The fire festivals were due to light up the sky tonight in Basel-land and we were due to celebrate Morgenstreich tomorrow morning, signalling the beginning of Fasnacht in Basel-stadt. Alas, all of the magic of the carnival has been cancelled this year. So, how to celebrate Fasnacht 2020 but keep within the current COVID-19 restrictions?
Fasnacht brings some interesting culinary treats to our bakeries, restaurants and into our homes. Typically, the tradition is to enjoy, Mehlsuppe (flour soup) in a stube or at home after Morgenstreich, other dishes include cheese and onion pie or quiche washed down with a local white wine.
The bakeries are full of Fasnachtkiechli (disk-shaped sweet crackers dusted with icing sugar) and Faschtewajie (a pretzel shaped pastry with caraway seeds) for weeks now and Ive been enjoying the Faschtewajie for lunch with ham and mayo. If you want a recommendation of where to buy one of these treats 1) Sutter Begg 2) Holzofenbaeckerei 3) Backerei Gaugler 4) Backerei KULT 5) Beschle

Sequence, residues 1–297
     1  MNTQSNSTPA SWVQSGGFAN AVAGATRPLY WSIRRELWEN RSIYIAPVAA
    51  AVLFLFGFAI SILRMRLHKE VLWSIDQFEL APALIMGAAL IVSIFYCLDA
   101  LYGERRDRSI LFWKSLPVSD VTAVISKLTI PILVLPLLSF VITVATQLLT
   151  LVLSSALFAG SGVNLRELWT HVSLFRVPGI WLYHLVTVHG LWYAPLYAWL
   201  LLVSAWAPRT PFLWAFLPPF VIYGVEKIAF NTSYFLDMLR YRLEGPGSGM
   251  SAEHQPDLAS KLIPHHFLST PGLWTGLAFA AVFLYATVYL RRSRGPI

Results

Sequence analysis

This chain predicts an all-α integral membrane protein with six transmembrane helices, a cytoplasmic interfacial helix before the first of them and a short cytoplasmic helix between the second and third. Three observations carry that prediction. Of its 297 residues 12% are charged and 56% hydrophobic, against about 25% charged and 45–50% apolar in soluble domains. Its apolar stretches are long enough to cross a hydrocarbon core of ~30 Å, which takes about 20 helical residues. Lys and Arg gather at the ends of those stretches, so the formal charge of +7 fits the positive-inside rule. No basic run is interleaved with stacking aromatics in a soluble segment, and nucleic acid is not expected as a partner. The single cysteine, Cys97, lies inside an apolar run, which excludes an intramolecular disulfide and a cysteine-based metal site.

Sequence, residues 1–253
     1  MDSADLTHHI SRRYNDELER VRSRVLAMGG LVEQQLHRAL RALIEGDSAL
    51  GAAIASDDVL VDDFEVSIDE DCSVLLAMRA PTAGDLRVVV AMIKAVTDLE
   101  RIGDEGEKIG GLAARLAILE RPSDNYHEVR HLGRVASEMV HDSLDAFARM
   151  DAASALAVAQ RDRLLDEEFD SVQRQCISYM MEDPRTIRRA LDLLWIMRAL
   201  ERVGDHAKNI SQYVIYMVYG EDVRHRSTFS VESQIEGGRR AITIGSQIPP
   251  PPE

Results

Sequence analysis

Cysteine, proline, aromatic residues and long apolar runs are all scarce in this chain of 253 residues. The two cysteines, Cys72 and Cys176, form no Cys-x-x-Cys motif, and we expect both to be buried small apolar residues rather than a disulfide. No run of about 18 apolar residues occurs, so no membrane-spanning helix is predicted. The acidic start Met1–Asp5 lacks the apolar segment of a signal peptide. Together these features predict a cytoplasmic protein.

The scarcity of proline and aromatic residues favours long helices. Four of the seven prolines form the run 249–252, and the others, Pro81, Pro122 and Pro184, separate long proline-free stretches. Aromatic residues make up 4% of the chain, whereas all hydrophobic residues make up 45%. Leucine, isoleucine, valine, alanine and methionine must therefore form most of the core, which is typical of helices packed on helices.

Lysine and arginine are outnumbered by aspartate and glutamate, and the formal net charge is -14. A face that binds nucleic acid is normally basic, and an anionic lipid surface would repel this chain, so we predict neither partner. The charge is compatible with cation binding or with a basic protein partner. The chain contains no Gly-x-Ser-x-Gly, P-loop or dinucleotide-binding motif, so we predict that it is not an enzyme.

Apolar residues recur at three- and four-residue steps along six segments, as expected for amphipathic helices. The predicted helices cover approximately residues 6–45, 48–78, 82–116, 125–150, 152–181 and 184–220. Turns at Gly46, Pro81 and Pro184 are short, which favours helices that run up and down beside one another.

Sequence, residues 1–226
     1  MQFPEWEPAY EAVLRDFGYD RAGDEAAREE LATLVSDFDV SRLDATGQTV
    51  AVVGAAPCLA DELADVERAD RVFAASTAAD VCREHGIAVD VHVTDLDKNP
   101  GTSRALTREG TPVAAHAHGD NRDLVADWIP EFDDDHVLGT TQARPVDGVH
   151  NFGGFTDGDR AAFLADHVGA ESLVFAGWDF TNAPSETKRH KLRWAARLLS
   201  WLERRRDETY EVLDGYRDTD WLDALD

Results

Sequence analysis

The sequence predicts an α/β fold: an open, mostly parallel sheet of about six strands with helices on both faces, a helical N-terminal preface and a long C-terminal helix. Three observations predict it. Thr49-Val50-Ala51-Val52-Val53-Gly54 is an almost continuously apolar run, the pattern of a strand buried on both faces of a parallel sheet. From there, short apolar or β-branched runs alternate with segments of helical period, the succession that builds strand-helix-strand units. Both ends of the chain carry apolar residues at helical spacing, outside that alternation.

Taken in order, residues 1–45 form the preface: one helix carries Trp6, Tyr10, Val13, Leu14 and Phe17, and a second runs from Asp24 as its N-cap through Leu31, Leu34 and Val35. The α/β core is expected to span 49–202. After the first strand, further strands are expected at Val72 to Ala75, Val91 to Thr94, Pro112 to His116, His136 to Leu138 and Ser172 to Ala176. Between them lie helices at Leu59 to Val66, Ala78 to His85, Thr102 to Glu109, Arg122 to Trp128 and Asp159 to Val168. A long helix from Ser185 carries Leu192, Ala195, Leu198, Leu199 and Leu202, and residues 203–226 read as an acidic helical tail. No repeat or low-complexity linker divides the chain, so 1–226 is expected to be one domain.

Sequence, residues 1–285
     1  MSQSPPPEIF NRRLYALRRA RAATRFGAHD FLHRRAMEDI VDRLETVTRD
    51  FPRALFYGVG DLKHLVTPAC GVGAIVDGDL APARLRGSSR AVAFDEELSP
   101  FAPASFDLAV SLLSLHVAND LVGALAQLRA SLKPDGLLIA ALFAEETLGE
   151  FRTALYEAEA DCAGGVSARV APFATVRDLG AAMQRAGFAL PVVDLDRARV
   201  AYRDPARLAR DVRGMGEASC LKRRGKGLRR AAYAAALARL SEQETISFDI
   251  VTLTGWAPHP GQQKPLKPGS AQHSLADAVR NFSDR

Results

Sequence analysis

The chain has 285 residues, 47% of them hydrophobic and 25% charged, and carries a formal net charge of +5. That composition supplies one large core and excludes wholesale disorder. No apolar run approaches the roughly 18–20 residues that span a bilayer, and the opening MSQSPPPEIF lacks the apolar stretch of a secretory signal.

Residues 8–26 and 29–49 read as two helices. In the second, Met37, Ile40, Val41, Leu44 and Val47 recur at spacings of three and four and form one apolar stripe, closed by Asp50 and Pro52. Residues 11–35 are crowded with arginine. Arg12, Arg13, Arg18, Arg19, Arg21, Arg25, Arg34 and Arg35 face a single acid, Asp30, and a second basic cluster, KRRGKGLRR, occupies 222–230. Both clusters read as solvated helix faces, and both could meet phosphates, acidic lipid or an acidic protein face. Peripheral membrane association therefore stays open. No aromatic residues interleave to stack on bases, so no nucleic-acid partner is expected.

I really enjoy the tradition of buying and sharing Fasnacht food whether that’s buying my colleagues some Fasnacht cookies, eating cheese and onion pie, flour soup and drinking white wine with friends during Fasnacht, I have made so many happy memories during Fasnacht with these wonderful traditions
The best we can do this year is to recreate Fasnacht at home. So, let’s start. I list below recipes for some Fasnacht treats and urge you to frequent the bakeries in Basel this week to try out some Faschtewajie.
Thanks to Andi Pilot at Helvetic Kitchen for these recipes.
Mimosa is often given as a gift at Fasnacht often this is a romantic offering and can be given anonymously. Traditionally the Waeggis (bad boys of carnival) run after a good looking girl/women and tap her on the shoulder, wishing to offering her some mimosa. When she turns to face them they decide if she will get the Mimosa or a face full of confetti instead.
The Fasnacht Comite has organised a wonderful walk through Basel with 26 stops. Each stop has a display organised by a different Fasnacht club (clique). The walk in it’s entirety would take a couple of hours.
Log into the website and download a copy of a map of the walk to take with you.
If you don’t have time to walk along the entire length of the walk then, I would recommend that you take a look at the lanterns on Muensterplatz, have a walk on Wettstein bruecke to see the artwork there and then, walk along the Rhine from the bottom of Wettstein bruecke to the middle bridge where you will see lanterns decorating the Rhine promenade.
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